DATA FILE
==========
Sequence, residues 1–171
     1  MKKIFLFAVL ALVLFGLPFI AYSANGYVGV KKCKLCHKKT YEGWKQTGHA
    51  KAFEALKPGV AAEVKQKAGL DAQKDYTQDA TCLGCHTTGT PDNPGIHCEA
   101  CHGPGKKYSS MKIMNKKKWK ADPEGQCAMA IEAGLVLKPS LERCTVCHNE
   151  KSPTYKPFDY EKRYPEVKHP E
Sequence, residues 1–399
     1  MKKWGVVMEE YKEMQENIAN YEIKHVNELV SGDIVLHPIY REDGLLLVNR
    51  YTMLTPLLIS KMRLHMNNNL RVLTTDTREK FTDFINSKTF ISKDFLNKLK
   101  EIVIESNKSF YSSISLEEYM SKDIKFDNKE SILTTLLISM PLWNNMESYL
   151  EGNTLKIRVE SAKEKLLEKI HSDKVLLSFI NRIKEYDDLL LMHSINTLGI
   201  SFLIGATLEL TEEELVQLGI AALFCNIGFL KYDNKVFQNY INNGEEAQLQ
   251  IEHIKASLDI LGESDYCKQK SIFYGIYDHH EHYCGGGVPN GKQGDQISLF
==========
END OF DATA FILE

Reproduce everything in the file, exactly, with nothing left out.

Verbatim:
Sequence, residues 1–171
     1  MKKIFLFAVL ALVLFGLPFI AYSANGYVGV KKCKLCHKKT YEGWKQTGHA
    51  KAFEALKPGV AAEVKQKAGL DAQKDYTQDA TCLGCHTTGT PDNPGIHCEA
   101  CHGPGKKYSS MKIMNKKKWK ADPEGQCAMA IEAGLVLKPS LERCTVCHNE
   151  KSPTYKPFDY EKRYPEVKHP E
Sequence, residues 1–399
     1  MKKWGVVMEE YKEMQENIAN YEIKHVNELV SGDIVLHPIY REDGLLLVNR
    51  YTMLTPLLIS KMRLHMNNNL RVLTTDTREK FTDFINSKTF ISKDFLNKLK
   101  EIVIESNKSF YSSISLEEYM SKDIKFDNKE SILTTLLISM PLWNNMESYL
   151  EGNTLKIRVE SAKEKLLEKI HSDKVLLSFI NRIKEYDDLL LMHSINTLGI
   201  SFLIGATLEL TEEELVQLGI AALFCNIGFL KYDNKVFQNY INNGEEAQLQ
   251  IEHIKASLDI LGESDYCKQK SIFYGIYDHH EHYCGGGVPN GKQGDQISLF